" - and a straw hat with ribbons and a pink umbrella and she's got the tip of the umbrella on the floor and she's holding its handle and - and she's doing little dance steps round it and singing. And it's really funny and scary, 'cos you know that photo that Grandpa has of Grandma Dot? Well, the singing lady is just like Grandma Dot in the photo."
    She grabbed his hand trying to drag her brother down the stairs but when he wrenched his hand away and she began to sob, Stephanie, from the bedroom said, "Take it easy, Rog. Can't you see she's really upset? Go see what's what, if only to calm her down," and to the child, "Come on, Bee love. Let's see this person in pantaloons singing for your Grandpa."
   They went downstairs, Stephanie holding Bee's hand.  In the kitchen they found the laptop in sleep mode. Roger tapped a key to wake it.  The screen showed Grandpa's sitting room.  From the keyboard Roger turned the camera left and right to show as much of the room as possible.  There was no one, and only silence in the room.
   "See?" he said to Bee, "You were imagining  - "
   "Then where's Grandpa now?" said Bee.
   "How would I know?" Now Roger sounded cross. "There's plenty of other places he could be."
   "They've gone into the bedroom so they can kiss like you and Steff.  Grandpa kissed Grandma Dot a lot. And I saw them, I did. Grandpa listening and the Grandma lady singing and dancing. I saw them! You don't believe me! Turn the bedroom camera on."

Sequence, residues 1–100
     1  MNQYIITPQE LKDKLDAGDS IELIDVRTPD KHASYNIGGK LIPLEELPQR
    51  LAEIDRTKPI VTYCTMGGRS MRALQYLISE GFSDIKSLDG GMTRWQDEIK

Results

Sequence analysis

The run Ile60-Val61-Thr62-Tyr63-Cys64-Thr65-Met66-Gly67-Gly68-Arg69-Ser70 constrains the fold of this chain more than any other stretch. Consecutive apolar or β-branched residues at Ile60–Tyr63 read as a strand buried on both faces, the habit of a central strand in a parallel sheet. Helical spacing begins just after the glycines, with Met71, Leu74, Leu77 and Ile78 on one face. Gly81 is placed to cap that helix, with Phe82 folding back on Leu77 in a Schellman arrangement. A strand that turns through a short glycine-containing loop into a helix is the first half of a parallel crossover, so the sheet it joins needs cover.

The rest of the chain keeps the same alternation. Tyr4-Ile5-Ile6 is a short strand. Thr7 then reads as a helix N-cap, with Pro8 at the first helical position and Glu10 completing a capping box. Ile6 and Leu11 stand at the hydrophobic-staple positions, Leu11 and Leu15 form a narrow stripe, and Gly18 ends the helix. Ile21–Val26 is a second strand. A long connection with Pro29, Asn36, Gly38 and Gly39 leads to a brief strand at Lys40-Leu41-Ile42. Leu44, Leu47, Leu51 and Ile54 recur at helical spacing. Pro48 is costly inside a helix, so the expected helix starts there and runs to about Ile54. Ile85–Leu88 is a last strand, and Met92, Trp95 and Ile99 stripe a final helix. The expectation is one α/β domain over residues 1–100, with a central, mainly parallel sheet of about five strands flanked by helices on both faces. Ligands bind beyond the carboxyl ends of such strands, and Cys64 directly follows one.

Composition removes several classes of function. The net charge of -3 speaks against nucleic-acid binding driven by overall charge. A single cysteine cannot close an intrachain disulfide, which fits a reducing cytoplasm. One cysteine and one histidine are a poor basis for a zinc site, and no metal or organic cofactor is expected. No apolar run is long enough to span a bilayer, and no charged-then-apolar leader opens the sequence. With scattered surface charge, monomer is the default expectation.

"Bee, it can't be Gran," Roger began. "You know it can't. It was Grandpa playing  a CD. Or his radio. So - end of track one. Connection lost. Let's go  - "  He tapped the keyboard. The screen-saver replaced the sitting room. "And don't you go spying on Grandpa, Bee."
     "Go back to your kissing then!" said Bee. "Just wait till Mum gets in. She'll believe me!" and as Roger and Stephanie left the kitchen she woke the computer and called up the bedroom camera.
     "See!" She pouted at the closing door. "Told you!" But the others did not come back in and she fell silent as she watched the screen.
     Grandpa lay on his bed, quite still, his eyes closed. Grandma Dot in her pantaloons lay beside him, holding him in her arms, her face very close to his, her straw hat and parasol cast aside on the floor.
    And Bee, her voice suddenly much older whispered "Do you believe me now, Roger?"
   Grandma Dot said "You always loved that song. 'Spring. Spring. Spring' with all seven of us in our pantaloons. How we larked about when I was making them.  You said you could have done with seven brides as long as they were all me.  So I came to sing it for you, one last time."
   She leaned over Grandpa and kissed his forehead.  "But it's time to go now, my darling. I've missed you so much."   Then she sat up on the edge of the bed and looked straight into the camera and said "Beatrice, always remember we both loved you very much."
  "Are you real, Gran?"
 "Let's say that you can see me, my pet. But not Roger, or your Mum and Dad - Lauren and Mark. I'm afraid they're all too old."
 "Is Grandpa dead?" Bee asked, knowing the answer.
  But Grandma Dot had gone, leaving the room to Grandpa, leaving Bee to break the news through her tears, and to begin her mourning.

* * *
  One day, some weeks after the funeral, Lauren came in from a visit to Grandpa's house which she was slowly clearing out. "Bee?," she called. "You in, love? Come and see this."  Bee came down the stairs into the hall. 
   "See what I found at Grandpa's. This little straw hat. There's a note pinned to it. 'Make sure Bee gets this'  He must have kept it all those years.   Do you want it?"
  Bee took the hat and went back upstairs. She closed her door. She perched the hat on her curls and tied the pink ribbons under her chin. She did some little dance steps round her bedroom ending at her mirror.